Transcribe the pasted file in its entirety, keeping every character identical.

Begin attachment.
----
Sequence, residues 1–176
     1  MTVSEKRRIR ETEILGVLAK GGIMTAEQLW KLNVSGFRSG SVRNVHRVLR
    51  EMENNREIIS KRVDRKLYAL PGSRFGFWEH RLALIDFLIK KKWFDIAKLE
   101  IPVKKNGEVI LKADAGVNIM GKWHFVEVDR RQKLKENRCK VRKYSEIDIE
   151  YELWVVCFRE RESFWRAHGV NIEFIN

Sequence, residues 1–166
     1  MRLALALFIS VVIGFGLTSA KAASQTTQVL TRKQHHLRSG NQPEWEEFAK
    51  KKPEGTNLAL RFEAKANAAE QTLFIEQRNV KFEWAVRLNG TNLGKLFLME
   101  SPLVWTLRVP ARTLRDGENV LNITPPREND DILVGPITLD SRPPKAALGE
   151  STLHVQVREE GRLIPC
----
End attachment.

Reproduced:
Sequence, residues 1–176
     1  MTVSEKRRIR ETEILGVLAK GGIMTAEQLW KLNVSGFRSG SVRNVHRVLR
    51  EMENNREIIS KRVDRKLYAL PGSRFGFWEH RLALIDFLIK KKWFDIAKLE
   101  IPVKKNGEVI LKADAGVNIM GKWHFVEVDR RQKLKENRCK VRKYSEIDIE
   151  YELWVVCFRE RESFWRAHGV NIEFIN

Sequence, residues 1–166
     1  MRLALALFIS VVIGFGLTSA KAASQTTQVL TRKQHHLRSG NQPEWEEFAK
    51  KKPEGTNLAL RFEAKANAAE QTLFIEQRNV KFEWAVRLNG TNLGKLFLME
   101  SPLVWTLRVP ARTLRDGENV LNITPPREND DILVGPITLD SRPPKAALGE
   151  STLHVQVREE GRLIPC